Is it possible to be too passionate about rugby league?

Steven Brady

Photo: JLTPhotosport

It is a question being asked in the far south of France by Benoit Albert as he tries to put the reins on Elite One side Palau Broncos.

The little Catalan club has a big reputation for wearing its heart on its blood and gold sleeve and if there was a championship for red and yellow cards, Palau would top the league table every year.

Coach Albert (himself recently suspended for un petit over-exuberance in the technical area during a match) admits he has a fight on his hands to maintain the passion while keeping his players on the pitch.

He told Love Rugby League: “This is a very special place, the Stade George Vaills is quite famous in French Rugby League as a tough place to play at. They’re very friendly before and after the game here at Palau but for 80 minutes they can give you hell on the pitch.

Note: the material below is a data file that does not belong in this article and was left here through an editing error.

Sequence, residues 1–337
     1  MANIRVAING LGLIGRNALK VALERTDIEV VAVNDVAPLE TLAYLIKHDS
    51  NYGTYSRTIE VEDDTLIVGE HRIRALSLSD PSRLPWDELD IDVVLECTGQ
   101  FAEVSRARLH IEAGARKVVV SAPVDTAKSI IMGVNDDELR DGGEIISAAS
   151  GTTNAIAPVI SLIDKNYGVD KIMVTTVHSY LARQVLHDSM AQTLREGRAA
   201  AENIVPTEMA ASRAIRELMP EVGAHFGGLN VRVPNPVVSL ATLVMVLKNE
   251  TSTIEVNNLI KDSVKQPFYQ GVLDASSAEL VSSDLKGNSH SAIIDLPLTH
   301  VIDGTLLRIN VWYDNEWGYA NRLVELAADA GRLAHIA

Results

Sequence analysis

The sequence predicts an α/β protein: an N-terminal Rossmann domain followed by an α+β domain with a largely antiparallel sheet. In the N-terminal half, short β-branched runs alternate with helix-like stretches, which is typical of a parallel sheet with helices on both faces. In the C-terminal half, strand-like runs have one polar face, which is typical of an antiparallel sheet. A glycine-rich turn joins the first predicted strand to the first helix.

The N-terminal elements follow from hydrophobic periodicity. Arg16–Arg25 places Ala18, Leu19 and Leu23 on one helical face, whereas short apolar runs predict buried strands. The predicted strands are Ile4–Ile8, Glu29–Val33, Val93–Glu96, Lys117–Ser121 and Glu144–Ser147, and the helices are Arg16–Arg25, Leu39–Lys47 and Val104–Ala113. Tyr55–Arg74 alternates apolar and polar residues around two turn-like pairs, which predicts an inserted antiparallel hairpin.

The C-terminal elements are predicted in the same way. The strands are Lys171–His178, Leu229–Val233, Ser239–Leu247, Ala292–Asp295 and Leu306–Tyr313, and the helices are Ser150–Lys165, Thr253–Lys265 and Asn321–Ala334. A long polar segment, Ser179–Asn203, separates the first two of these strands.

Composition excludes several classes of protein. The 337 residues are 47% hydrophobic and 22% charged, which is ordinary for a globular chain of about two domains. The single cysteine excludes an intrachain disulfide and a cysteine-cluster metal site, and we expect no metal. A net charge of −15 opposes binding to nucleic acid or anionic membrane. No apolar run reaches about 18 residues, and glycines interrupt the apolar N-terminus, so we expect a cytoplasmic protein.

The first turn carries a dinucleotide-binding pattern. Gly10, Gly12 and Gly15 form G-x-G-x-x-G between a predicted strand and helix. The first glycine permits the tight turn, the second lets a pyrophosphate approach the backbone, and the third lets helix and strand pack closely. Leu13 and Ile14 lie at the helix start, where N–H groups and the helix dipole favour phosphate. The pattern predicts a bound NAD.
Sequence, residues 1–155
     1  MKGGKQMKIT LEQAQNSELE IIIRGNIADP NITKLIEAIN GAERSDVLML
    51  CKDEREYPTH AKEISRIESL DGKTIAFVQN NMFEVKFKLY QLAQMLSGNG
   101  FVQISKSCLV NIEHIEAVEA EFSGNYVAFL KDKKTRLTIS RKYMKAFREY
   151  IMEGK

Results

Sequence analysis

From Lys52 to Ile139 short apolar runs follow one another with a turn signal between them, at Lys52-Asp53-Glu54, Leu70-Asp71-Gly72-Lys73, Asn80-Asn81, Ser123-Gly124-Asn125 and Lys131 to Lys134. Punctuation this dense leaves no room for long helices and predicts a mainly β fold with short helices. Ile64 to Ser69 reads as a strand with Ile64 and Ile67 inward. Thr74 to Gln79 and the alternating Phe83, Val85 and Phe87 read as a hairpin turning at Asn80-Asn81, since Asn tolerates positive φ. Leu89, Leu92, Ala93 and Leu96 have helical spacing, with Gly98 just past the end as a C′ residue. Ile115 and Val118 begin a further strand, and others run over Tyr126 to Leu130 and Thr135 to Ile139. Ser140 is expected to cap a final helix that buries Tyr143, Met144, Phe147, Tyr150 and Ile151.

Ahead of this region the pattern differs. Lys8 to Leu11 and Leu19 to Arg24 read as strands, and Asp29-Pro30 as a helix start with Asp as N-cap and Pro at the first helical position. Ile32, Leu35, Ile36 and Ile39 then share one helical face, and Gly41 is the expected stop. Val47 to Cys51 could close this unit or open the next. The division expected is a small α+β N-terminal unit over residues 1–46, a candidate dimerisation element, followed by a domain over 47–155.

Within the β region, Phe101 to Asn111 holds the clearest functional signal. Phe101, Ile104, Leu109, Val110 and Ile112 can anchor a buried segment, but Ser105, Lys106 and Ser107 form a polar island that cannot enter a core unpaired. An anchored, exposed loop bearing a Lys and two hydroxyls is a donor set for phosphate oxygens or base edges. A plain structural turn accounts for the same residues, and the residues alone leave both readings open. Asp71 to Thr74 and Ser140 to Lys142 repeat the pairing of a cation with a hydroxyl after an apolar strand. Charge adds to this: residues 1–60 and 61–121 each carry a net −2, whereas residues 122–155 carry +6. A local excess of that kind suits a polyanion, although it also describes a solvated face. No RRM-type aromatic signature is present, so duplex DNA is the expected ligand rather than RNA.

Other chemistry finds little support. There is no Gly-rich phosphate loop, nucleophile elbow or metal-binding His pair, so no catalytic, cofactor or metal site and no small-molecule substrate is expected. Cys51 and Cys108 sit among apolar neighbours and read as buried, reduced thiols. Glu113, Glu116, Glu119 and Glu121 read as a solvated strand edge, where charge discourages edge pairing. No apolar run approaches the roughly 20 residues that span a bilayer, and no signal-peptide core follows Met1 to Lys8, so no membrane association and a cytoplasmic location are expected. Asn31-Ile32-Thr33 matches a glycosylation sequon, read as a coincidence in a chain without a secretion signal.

“It is an historic French club that has a unique Catalan pedigree. It’s a very small town Palau Del Vidre but there is big support for Rugby League. You won’t find much talk about rugby union in these parts.

“And we need to keep that passion, but we also need to keep our players on the pitch. You cannot play Rugby League without a certain level of aggression but it is no good being aggressive when you’re sat in the stand on suspension.”

The 42-year-old former Catalans Dragons’ reserves coach has just seen the first two wins of the season for Palau after four months rooted to the bottom of the table and Albert believes there are more successes ahead if his players cut back the passion and let their skills do the talking.

Just two yellow cards during Sunday’s 27-10 victory over Albi is a huge sign of improvement for the Broncos.

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“We’re going in the right direction,” said Albert. “It feels good to get two consecutive wins after nine defeats in a row and you can see by the reaction of the players how much it means to them.

“The boys have improved all levels of their game and while we are far from perfect we are making progress.